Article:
Abu-Fadil Leads Virtual Masterclasses in COVID-19 Coverage

Journalists from bureaus of the Saudi-based daily Arab News took active part in a virtual masterclass on how to cover COVID-19 as the pandemic continues to grip the world and demand effective media attention.

 

Covering COVID-19

Media Unlimited director Magda Abu-Fadil conducted three sessions in May 2020 for the reporters in Saudi Arabia, Dubai and Pakistan/India, with one journalist joining Saudi colleagues from London.

The teleconferenced training tackled working from home and how that has morphed into the journalists’ distributed newsroom. The masterclass emphasized the importance of the reporters’ mental and physical safety in lockdown situations, or on their occasional trips out.

 

Dubai-based journalists shown the dangers of viruses spreading on a plane

The class delved into the medical aspect of the coronavirus by first making sure participants understood and conveyed the proper terminology in their coverage, to seeking advice from medical experts, to the role of the World Health Organization and other medical institutions, to learning how to filter through medical journals and studies.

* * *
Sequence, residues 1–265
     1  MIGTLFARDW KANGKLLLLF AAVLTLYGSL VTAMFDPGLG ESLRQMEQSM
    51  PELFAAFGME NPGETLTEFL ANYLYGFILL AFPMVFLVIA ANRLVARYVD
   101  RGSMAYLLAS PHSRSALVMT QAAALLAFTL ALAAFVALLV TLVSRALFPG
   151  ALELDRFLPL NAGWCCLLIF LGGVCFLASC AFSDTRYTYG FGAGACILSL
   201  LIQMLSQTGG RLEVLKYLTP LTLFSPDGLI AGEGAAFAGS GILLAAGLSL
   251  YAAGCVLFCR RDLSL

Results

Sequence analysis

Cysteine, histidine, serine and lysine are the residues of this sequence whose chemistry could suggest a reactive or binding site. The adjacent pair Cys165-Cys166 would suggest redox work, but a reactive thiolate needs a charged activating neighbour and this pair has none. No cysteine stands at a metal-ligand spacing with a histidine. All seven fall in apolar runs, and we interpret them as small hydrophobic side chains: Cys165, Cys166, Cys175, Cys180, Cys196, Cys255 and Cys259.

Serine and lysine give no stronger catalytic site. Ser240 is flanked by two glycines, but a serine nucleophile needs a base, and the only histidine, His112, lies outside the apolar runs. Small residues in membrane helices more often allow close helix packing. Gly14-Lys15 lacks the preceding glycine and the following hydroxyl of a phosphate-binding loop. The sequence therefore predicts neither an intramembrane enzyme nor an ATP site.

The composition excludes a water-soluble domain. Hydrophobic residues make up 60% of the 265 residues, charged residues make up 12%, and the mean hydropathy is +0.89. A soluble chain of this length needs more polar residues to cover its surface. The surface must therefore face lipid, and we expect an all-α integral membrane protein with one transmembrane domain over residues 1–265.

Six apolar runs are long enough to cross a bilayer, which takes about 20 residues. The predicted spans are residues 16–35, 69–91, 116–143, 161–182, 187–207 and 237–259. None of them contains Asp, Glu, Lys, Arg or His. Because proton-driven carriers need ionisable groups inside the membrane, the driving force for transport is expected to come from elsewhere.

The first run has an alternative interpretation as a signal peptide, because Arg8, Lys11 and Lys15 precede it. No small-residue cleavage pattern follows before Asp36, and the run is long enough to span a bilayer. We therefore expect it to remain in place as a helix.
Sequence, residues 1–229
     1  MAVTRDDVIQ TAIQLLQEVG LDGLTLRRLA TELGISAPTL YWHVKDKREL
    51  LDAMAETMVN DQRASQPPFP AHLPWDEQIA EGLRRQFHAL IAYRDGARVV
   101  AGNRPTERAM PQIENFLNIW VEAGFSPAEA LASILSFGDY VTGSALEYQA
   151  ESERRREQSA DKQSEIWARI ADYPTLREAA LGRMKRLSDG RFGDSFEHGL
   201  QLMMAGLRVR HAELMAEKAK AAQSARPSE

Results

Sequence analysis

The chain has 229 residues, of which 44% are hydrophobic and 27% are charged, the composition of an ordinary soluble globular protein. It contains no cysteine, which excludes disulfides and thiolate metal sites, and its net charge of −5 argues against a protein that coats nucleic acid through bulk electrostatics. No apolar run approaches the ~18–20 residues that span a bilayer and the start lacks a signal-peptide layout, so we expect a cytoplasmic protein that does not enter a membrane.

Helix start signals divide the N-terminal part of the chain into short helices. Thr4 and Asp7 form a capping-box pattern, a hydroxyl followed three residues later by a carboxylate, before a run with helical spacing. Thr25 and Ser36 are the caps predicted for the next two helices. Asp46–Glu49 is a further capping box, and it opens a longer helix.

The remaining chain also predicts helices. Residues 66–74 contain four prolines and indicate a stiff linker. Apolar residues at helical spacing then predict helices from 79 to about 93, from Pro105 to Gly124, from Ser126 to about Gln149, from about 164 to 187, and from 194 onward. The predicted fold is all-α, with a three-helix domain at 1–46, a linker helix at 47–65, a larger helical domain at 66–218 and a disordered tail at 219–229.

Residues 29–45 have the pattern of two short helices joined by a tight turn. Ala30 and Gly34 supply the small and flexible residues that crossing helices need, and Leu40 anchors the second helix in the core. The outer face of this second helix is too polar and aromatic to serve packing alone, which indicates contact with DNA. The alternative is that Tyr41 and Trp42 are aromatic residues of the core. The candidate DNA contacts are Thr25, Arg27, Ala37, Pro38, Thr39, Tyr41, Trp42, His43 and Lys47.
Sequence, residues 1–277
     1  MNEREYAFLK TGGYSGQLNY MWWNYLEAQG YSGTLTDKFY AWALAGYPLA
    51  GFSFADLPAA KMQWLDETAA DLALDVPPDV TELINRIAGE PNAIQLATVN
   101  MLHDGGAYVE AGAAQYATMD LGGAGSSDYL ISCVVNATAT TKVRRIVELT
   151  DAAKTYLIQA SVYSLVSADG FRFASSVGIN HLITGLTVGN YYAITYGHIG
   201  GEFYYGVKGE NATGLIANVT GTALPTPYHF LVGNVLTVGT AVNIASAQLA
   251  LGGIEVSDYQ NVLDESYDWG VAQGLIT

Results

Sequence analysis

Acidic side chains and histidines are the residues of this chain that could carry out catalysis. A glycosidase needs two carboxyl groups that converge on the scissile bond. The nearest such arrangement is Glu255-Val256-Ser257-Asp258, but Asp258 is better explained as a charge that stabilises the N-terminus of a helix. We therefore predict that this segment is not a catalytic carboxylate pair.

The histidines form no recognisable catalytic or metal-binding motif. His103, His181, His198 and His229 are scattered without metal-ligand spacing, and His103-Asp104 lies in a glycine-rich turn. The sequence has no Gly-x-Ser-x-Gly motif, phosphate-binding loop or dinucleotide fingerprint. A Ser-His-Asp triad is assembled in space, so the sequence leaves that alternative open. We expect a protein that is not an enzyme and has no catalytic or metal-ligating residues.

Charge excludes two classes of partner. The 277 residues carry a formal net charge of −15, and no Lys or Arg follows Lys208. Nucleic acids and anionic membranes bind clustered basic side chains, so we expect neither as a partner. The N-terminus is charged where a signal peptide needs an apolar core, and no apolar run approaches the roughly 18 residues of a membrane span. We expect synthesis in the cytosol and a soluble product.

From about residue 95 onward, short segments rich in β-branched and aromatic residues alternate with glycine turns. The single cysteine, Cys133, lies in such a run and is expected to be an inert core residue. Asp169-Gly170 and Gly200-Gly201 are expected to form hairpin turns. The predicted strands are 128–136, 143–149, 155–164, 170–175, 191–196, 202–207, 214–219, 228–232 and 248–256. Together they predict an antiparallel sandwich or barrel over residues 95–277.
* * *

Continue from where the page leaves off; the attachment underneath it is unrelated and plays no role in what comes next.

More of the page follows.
Abu-Fadil also cautioned the journalists against being misled by dis-, mis- and mal-information disseminated through traditional and social media, or regular contacts with other people. She shared several case studies of dubious information and pressed upon her charges the importance of fact-checking, spotting and debunking deliberate or unintentional lies.

 

Tips on debunking disinformation

The reporters were armed with useful resources on where to obtain reliable data about COVID-19 and tips on protecting themselves.

The masterclass further explored the future of offices and activities while social distancing.

Of key importance was focus on the media in the COVID-19 crisis and how to cover the story ethically.

On the business front, Abu-Fadil discussed the impact on the world/regional economy, with a particular nod to the ever-growing gig economy. There were references to the supply chain, food shortages, hunger, poverty, social revolutions, border controls, and refugees.

 

Getting the medical details right

A touchy but important subject is how to cover major religions’ handling of the coronavirus for which Abu-Fadil showed ample examples.

Other sub-topics were art, culture, education and kids with distance learning presenting the biggest challenge to educators.

But entertainment under lockdown has also taken on new meaning and the trainees were shown options to virtual cultural trips to museums and concerts, and, the ability to download free books and obtain free subscriptions for kids’ publications to keep them occupied.

 

Pakistani and Indian journalists asked to change newspapers’ COVID-19 headlines